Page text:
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Abdication of Emperor Akihito's emperor moves a step closer

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Emperor Akihito
Japan   The first Japanese emperor who was never considered divine

Japanese Emperor Akihito's abdication moved a step closer on Friday when the lower house of parliament approved a bill paving the way for the first such abdication in nearly two centuries.


Akihito, 83, who has had heart surgery and treatment for prostate cancer, said in rare public remarks last year he feared age might make it hard for him to fulfill his duties.

Akihito, the first Japanese emperor who was never considered divine, has worked for decades to soothe the wounds at home and abroad of World War Two, fought in his father Hirohito's name. He will be succeeded by Crown Prince Naruhito, 57.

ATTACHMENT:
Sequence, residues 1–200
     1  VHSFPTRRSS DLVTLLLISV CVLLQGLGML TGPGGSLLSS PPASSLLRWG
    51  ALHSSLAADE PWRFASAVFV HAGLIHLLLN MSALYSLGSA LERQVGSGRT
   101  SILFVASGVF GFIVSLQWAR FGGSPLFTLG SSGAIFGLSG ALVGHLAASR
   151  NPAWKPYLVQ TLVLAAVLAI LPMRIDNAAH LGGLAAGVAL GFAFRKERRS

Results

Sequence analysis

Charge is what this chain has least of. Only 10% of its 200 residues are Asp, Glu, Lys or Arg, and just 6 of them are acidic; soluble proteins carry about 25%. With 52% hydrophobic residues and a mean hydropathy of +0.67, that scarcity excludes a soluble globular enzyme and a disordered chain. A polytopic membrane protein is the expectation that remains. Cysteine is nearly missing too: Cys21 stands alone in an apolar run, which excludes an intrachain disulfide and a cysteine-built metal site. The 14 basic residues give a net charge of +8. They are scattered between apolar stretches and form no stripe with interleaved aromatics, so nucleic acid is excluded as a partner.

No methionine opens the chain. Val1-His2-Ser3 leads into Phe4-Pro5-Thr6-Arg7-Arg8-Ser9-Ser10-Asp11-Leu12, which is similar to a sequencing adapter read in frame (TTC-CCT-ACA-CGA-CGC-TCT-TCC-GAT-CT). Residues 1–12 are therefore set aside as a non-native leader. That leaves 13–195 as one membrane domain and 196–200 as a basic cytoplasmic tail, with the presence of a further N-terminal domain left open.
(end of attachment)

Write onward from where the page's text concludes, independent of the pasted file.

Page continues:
The law passed the more powerful lower house with just a handful of dissenting votes and now goes to the upper house, with the intention of getting it passed before the current session of parliament ends in several weeks.

"I hope that the lower house today, and the upper house in days to come, will take this up in such a fashion that we can expect it to pass speedily," Chief Cabinet Secretary Yoshihide Suga told a news conference prior to the vote.


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